Best training I have ever attended after 15 years of being on the job! Thank you! – Social Worker
The importance of self-harm awareness
1 in 10 young people are estimated to self-harm in any one year in the UK. With this statistic it is paramount that we have a better understanding as professionals as to what self-harm is, the functions of the behaviour and how best to support someone. Self-harm is often misunderstood or there is the perpetual fear from the professional of saying/doing the wrong thing and making the self-harm worse. Training increases confidence, understanding and knowledge of attendees by reducing fear and tackling the myths of self-harm.
Who is self-harm training for?
Self-harm awareness training is designed for all. Regardless of your professional role, you never know when you may come across self-harm. I have experience of delivering to numerous professional groups including teachers, parents, the Samaritans, nurses, doctors, psychiatric staff, residential support workers, school nurses, police officers and social workers.
Why should you have self-harm sessions in your school?
I just wanted to say how inspiring I found your talk last week. I really wanted to tell you how amazing it felt to hear someone talk about these issues in such a relatable and honest way. It helped me to see that I’m not weird or a freak, or less of a person – a Year 11 student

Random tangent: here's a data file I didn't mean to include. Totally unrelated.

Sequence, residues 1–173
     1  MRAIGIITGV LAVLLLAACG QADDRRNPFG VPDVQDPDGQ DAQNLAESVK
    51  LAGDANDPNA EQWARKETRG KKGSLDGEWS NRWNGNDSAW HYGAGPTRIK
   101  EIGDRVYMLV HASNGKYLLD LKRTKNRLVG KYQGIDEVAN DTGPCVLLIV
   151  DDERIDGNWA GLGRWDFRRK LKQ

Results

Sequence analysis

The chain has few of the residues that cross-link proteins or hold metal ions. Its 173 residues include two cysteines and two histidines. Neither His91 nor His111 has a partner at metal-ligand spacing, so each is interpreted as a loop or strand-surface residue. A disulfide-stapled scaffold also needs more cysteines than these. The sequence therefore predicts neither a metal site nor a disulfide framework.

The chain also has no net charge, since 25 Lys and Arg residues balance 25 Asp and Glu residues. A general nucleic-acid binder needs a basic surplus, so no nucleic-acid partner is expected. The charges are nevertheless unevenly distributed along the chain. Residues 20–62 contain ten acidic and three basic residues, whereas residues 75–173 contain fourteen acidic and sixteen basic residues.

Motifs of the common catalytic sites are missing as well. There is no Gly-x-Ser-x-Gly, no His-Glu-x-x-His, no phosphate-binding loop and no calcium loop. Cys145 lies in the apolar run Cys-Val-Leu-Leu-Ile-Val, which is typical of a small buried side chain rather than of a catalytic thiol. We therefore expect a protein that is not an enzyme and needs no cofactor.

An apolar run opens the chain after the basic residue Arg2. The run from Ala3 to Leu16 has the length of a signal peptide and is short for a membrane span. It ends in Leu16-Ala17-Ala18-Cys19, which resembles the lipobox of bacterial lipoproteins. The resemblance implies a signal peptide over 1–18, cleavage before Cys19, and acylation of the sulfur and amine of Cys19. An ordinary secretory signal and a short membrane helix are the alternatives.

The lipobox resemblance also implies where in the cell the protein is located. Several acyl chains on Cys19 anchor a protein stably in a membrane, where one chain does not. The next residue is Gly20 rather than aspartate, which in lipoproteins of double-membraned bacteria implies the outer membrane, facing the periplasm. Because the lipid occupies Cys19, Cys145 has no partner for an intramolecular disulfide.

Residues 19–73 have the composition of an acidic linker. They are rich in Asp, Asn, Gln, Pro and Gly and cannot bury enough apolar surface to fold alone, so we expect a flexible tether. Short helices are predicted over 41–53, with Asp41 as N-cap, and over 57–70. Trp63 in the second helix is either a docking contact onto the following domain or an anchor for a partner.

Self-harm is a difficult subject to deliver to students. Offer there is apprehension within the academic setting in broaching the subject for fear of saying the wrong thing or ‘giving young people the idea’. There are many reasons to have self-harm awareness training with staff in schools alongside PSHE sessions with pupils. In no way does having a session mean that the school has a ‘self-harm problem’. Instead it should be seen as a proactive approach to tackling a very current and relevant issue for young people.
I am highly experienced in delivering high quality, sensitive session to students from Year 5 (9-10 years old) through to university level. Pupil sessions are delivered sensitively with student led discussions around self-harm and how to manage emotional distress. Pupils regularly comment on how they appreciated the honesty of the session alongside the relevance and usefulness to them.